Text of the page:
Jones: AIDS epidemic ‘very heartbreaking’

Jones: AIDS epidemic 'very heartbreaking' School children walk quietly down the aisles of Slagle Auditorium Monday, viewing hundreds of colorful panels of the AIDS Memorial Quilt. The 400 sections of the quilt filled the seats, the stage and the balcony of the auditorium. by David Lias One of Cleve Jones' earliest childhood memories is of a special quilt sewn for him by his great-grandmother.

"It was the perfect quilt for a little boy. I remember vividly that whenever I had the flu or a cold, Mom or Grandma would bring out this quilt and make a bed for me on the sofa in the living room," he said before a capacity audience in Old Main's Farber Hall Monday. "I would trace the stitches in it knowing that this was made by this woman who loved me so much that she made it even before I was born."

Those early memories eventually helped inspire Jones to begin the AIDS Memorial Quilt.

Jone's lecture titled, "We Bring A Quilt: The Story of the AIDS Memorial Quilt" was part of three days of educational sessions and workshops provided by the Sioux Empire Red Cross and the South Dakota HIV/AIDS Network in Vermillion.

USD and the Vermillion community displayed nearly 400 panels of the AIDS Memorial Quilt last Sunday through Tuesday. The quilt is the largest ongoing community arts project in the world. There are more than 44,000 panels in the quilt, each representing and honoring the life of a person lost to AIDS. The quilt was made to increase public awareness of AIDS and to assist with HIV prevention education. Around the globe, at least 18.8 million have lost their lives to the AIDS epidemic.

Jones is an unrelenting AIDS activist. He seeks to promote a greater national understanding of the devastating effects this epidemic is having on victim's friends, families, and countless communities across America. His lecture is an enlightening and heartfelt message of this long-ranging social epidemic. His new book is entitled, Stitching a Revolution-The Making of an Activist.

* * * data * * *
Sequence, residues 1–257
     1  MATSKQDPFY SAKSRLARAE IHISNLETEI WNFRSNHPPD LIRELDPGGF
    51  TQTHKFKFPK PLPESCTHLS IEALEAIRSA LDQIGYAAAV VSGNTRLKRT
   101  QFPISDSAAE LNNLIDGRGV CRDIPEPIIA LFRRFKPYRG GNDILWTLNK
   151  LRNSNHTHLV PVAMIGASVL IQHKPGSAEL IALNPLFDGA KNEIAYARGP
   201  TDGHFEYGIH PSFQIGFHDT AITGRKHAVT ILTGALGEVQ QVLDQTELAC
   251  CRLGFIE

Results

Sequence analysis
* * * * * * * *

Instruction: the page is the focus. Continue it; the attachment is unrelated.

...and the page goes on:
Thanks to a contract with the NAMES Project, Jones visits high schools, colleges, opening ceremonies and quilt presentations throughout the United States and other countries, telling the story of the quilt.

Stitching a Revolution tells the story of Jones's arrival in San Francisco at the age of 17 where he met Harvey Milk, the first openly gay politician, and began working in politics.

"Harvey was a father figure to me. I really grew to love him very much."

Life changed profoundly for Jones on Nov. 27, 1978, when a disgruntled man entered San Francisco's City Hall, "shot and killed Mayor George Mosconi and then he went across the other side of city hall and shot and killed Harvey Milken," he said. "As word of the murder spread throughout San Francisco, people left their homes and schools and came to Castro Street and lit candles. By the time the sun set, there was 80,000 people and we marched in silence to city hall.